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I'm planning to implement a parallelizable variant of AES to end-to-end-encrypt files in a web application.

As a mode of operation I'm most likely gonna use CTR mode with a 64 bit IV and 64 bit counter, since that allows for easy parallelization.

Now it would also be great to be able to verify that the message wasn't manipulated, so I have to hash it somehow. However, most "normal" hash methods don't work in parallel, which is why I want to use a merkle tree.

From my understanding, it should be possible to encrypt, decrypt and verify the data completely in parallel, is that true?

In addition to that, I've seen that a lot of hashing methods (like GCM) verify the length of the ciphertext. Is that necessary with a merkle tree? I'd assume that the way such a tree builds the hash, it would be really hard to manipulate the length.

Also, should I hash the plaintext or ciphertext? and how should I encrypt the hash value?

Note: I'd like to avoid GCM, since it performs quite poorly on some devices I have to support.

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    $\begingroup$ IMHO, if you have to ask these questions, you're not qualified to design your own mode for real use... $\endgroup$ – poncho Jul 28 '16 at 11:30
  • $\begingroup$ @poncho I'm not designing a mode of operation, because I know it's really easy to make mistakes in doing that. I just want to know, how parallel verification would be possible when using AES-CTR. I'd actually be perfectly happy if anybody could name an "accepted" verification method that can work in parallel. $\endgroup$ – Dodekeract Jul 28 '16 at 11:32
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    $\begingroup$ Well, if you like GCM except that it's inconvienent to work in $GF(2^{128})$, you might consider CWC csrc.nist.gov/groups/ST/toolkit/BCM/documents/proposedmodes/cwc/… ; that's similar to GCM (and can be parallelized just as well), but it works modulo $2^{127}-1$; that might be a bit easier for you $\endgroup$ – poncho Jul 28 '16 at 11:37
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    $\begingroup$ also see "Is (AES-)GCM parallelizable?" $\endgroup$ – SEJPM Jul 28 '16 at 11:46
  • $\begingroup$ The real-world need for CTR is to range request out of ciphertext. Authentication of partial ciphertext is the real need, with parallel authentication of the whole thing being just a minor optimization. $\endgroup$ – Rob Jul 28 '16 at 12:19
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Since it's a bad habit to answer questions in comments, I'll take my comments, and put them as an answer.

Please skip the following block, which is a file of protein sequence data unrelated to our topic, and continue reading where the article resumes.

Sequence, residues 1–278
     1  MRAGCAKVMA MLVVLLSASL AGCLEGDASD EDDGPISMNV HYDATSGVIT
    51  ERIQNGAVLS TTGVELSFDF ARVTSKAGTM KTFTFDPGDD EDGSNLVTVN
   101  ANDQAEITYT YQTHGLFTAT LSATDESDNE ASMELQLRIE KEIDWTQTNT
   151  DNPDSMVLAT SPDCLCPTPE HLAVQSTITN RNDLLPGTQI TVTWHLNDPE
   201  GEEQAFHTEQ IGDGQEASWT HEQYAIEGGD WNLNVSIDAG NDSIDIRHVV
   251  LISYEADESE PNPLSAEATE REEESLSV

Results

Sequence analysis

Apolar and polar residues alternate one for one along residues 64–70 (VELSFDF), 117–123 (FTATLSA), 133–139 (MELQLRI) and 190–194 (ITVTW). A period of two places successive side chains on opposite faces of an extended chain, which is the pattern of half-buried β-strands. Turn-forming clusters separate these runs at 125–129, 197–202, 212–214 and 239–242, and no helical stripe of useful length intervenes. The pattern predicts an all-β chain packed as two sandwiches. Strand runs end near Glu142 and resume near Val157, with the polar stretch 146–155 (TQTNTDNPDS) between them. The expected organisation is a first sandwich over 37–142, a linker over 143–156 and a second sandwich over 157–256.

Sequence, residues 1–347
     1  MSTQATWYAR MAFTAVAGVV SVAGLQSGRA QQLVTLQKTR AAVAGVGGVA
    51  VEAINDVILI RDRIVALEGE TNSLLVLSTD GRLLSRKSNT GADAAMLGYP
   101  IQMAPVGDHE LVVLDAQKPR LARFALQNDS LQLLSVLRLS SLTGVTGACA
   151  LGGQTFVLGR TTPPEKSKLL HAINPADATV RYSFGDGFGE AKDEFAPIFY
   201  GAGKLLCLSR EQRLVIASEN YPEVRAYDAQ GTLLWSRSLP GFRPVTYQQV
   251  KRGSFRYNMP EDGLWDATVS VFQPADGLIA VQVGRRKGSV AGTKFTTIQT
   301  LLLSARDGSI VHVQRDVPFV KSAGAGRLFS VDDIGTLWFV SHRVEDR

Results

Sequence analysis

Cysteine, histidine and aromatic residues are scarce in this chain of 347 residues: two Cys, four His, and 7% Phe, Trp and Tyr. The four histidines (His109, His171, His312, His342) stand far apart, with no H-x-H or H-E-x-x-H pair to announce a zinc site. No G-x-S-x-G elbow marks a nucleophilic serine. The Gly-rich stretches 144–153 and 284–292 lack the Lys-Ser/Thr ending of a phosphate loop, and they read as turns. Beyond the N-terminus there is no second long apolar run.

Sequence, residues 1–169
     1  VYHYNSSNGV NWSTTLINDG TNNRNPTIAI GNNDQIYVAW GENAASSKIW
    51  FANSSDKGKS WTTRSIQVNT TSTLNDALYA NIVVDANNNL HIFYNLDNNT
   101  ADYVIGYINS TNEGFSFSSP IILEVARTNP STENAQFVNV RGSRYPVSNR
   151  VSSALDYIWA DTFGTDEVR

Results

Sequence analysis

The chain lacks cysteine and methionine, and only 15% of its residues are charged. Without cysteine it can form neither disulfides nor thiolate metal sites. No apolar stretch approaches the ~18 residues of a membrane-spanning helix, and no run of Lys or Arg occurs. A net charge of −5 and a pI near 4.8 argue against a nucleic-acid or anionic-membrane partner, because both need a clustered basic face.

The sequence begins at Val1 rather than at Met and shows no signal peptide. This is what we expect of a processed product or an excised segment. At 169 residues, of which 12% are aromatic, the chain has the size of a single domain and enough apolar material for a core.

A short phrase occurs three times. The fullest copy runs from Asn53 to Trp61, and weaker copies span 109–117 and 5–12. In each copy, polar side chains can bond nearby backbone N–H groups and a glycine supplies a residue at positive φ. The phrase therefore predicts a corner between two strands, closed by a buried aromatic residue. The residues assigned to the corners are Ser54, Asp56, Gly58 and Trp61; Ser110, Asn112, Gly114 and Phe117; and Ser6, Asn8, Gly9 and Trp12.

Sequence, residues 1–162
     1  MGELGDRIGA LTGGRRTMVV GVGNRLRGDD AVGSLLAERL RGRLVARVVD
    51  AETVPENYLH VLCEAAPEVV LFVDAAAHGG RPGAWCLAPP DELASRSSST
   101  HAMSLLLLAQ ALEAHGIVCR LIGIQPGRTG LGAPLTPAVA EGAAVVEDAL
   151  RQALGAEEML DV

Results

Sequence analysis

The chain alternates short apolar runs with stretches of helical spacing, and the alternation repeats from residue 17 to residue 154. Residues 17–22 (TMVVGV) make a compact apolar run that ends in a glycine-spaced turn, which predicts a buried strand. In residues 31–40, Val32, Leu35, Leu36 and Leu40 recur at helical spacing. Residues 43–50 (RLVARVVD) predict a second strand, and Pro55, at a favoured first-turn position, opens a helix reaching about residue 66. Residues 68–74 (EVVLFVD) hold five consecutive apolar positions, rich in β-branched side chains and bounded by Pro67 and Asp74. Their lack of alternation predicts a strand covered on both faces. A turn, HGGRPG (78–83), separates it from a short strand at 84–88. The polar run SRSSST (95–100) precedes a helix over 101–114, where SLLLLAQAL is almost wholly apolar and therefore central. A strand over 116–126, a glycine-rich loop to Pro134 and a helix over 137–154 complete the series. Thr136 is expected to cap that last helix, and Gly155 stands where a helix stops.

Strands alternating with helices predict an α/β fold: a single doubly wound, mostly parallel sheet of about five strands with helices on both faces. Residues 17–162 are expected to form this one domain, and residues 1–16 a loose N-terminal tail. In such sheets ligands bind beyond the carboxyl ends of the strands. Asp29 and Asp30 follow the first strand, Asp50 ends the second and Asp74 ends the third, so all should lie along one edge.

First off, you appear to be looking at designing your own homebrew method to do parallelizable MACing; don't do it. There are too many ways to get it wrong, and you don't know what to avoid.

However, since you asked specific questions, I'll try to answer them:

From my understanding, it should be possible to encrypt, decrypt and verify the data completely in parallel, is that true?

Obviously, yes, for example, with GCM. You said that GCM doesn't work for you; it still is a proof of concept that parallelization is possible.

In addition to that, I've seen that a lot of hashing methods (like GCM) verify the length of the ciphertext. Is that necessary with a merkle tree?

Maybe; GCM includes the length so that you cannot come up with two different ciphertexts/AADs that map to the same GHASH polynomial; one way an attacker could do that (if you don't include the length) is just prepend a 0 block to the ciphertext; that doesn't change the polynomial evaluation at all, no matter what the internal $H$ is.

Does your Merkle tree construction require something similar? Without knowing the details of your construction, it is literally impossible to say.

Also, should I hash the plaintext or ciphertext? and how should I encrypt the hash value?

Again, without knowing the details of your scheme, I can't really say.


On the other hand, if you're interested in a parallelizable authenticated encryption mode which is not GCM, you might want to consider CWC; it was designed by people who know what they're doing. It's similar to GCM internally (and actually predates it a bit), however it uses software-friendly operations internally (additions and multiplications modulo $2^{127}-1$), rather than the $GF(2^{128})$ multiplications in GCM.

That may work out better for you.

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